A quick look at the age demographic of CPA firm partners, and it’s easy to predict that a majority of CPA firm partner equity interests will change hands over the next decade. Unfortunately, the majority of the firms involved in forthcoming mergers & acquisitions will underperform due to lack of strategic fit; inadequate due diligence; and failure to properly plan, fund, and execute an effective integration process. They may even fail completely. The critical work of a merger or acquisition begins long before the ink on the agreement dries and continues for months after.
When it comes to mergers & acquisitions, small mistakes and oversights can have big consequences. Bringing in experienced professionals to guide you through the process is an investment that more than pays for itself. They can help you avoid costly oversights and ensure you get the best value. With more than 100 mergers under their belts, our consultants can help you through all the phases of a successful merger or acquisition.
Strategy & Assessment
Mergers are hard work and loaded with risk which is why critical questions need the right answers. What is the strategy behind the merger? Are ALL of the partners on board? Is it truly a good choice both for clients and staff? What will we do to retain both? Are the assumed synergies between the two firms real?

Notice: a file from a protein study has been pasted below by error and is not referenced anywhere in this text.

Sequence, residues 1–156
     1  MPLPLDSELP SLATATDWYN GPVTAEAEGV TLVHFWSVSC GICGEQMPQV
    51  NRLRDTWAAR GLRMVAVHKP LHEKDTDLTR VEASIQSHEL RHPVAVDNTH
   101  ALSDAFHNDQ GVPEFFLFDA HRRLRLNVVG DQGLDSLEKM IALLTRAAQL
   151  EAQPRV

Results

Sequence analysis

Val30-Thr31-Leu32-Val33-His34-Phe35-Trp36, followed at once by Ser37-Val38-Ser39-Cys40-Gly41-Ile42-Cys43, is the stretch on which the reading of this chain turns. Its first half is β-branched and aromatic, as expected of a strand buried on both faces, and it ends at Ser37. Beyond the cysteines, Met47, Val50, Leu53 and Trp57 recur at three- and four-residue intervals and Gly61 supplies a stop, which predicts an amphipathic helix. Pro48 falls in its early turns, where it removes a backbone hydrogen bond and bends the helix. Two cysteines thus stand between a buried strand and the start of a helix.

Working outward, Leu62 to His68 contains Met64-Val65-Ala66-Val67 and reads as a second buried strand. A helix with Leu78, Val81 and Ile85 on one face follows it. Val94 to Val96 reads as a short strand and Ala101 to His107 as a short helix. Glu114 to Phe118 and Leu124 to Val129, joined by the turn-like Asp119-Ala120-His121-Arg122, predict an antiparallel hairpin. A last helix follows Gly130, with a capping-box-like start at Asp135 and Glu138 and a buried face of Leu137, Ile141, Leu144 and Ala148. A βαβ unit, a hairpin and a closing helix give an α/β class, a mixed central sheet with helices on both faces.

The due diligence process is more than just an audit. In addition to financial data and discovery of “deal killers”, due diligence should include a strategic component. This is the time to verify the value proposition of the merger; not after closing. There are many questions to be answered at this stage: Are the cultures compatible? Will the merger enhance client retention? Will the merger create opportunities to attract larger or more lucrative clients, but also tougher new competitors? Will we retain talent and become more attractive to prospective employees?
The integration phase needs to be a guided by a comprehensive plan with measureable benchmarks and a senior member of the firm who will own the process. The plan should address many of the issues that commonly prevent mergers and acquisition from maximizing their ROI. Does the integration plan focus on clients and staff and the retention of both? Does it get quickly past internal systems and policy matters and move the firm to an external focus? Does it address the infrastructure needs of the combined firm, which may be quite different than the needs of the separate firms?